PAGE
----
I changed my mind about what was in the center after the first two passes of pattern stitch, then I mucked up an edge and in the process of ripping back started back in pattern going in the wrong direction. But I learned the technique and that's what important.
This is the result from the Orenburg class I took yesterday. Joan was a very patient teacher with a great sense of humor. She gave us some good tips for various issues, like splicing slick yarns or working in the tails of yarn. Joan's also very approachable; we had a great conversation at lunch about the internet's impact on knitting. She will be teaching at Stitches West next month, so if you're going, look her up.
I really enjoyed the technique and foresee using it in future patterns. There are several characteristics of the Orenburg style that I like.
--The lace pattern is done on one row and the return row is knit across.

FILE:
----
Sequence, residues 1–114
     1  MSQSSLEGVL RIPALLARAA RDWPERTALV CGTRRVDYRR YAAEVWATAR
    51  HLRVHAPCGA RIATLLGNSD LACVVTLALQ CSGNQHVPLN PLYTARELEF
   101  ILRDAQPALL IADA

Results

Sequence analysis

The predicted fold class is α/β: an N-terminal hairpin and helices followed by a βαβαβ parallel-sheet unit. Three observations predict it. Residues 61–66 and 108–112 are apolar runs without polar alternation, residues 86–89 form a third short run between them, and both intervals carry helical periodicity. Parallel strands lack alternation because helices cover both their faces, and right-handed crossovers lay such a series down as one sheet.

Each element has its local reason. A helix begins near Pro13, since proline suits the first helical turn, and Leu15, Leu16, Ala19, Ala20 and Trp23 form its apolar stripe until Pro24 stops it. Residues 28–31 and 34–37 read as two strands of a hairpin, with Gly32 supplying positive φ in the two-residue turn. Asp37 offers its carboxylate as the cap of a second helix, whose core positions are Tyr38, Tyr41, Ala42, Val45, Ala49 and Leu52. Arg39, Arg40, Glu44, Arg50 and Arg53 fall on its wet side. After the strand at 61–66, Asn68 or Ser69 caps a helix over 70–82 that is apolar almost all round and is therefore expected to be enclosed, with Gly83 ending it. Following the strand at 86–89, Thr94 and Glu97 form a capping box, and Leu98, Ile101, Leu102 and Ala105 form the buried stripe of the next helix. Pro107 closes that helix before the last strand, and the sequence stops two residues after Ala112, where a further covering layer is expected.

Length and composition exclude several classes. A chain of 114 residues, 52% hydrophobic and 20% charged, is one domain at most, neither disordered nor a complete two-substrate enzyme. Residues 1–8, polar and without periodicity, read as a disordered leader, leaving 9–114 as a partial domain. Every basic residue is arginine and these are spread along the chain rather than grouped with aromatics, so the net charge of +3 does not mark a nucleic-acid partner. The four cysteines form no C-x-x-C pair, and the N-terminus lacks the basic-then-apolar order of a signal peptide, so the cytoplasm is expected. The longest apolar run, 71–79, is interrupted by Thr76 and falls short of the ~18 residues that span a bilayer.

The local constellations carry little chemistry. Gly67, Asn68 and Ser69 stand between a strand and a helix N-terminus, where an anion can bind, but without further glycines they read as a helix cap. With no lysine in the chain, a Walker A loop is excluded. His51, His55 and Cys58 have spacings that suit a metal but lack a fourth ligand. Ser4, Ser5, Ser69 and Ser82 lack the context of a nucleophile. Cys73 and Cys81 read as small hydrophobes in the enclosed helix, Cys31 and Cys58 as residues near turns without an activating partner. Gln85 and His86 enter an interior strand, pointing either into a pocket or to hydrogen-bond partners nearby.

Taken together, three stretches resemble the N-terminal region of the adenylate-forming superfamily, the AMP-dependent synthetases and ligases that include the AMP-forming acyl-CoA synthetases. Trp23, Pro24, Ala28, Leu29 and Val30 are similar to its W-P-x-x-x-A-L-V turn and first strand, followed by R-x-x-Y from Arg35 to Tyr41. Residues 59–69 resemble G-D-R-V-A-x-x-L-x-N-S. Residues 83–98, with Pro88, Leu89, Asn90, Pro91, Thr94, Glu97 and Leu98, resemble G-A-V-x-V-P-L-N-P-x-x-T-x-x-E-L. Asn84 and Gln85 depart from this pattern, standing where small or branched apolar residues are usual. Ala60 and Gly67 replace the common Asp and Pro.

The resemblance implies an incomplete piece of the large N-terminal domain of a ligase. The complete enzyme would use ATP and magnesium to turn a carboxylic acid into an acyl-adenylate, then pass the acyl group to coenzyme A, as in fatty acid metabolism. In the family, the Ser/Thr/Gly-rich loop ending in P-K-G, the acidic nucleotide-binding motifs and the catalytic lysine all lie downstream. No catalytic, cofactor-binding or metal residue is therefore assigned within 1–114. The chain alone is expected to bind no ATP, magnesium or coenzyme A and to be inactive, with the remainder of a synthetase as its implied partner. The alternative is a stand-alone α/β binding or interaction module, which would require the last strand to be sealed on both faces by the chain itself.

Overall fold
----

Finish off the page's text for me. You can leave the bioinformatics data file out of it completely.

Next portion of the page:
--The edge on the sides is done at the same time as the center.
--It's seamless. No knitting the edge separately from the center.
I promise the next one I do won't have as mucked up a center as that one. Just a note as why my descriptions of the method are sketchy: the method I learned is described in sources that are under copyright. I recommend that if you're interested in learning more about Orenburg shawls that you either take a class (ask your LYS) or find a book that teaches the method.
Last year I started a love affair with the Vine Lace pattern and cast on a scarf in Suri Alpaca. I was able to finish one ball of the yarn but after I had started the second, it languished and ended up in the UFO basket. After working the Orenburg lace, I was in a lace mood and dug it out to do a few rows. I've fallen in love with the pattern all over again and now it's my end up a gift later on.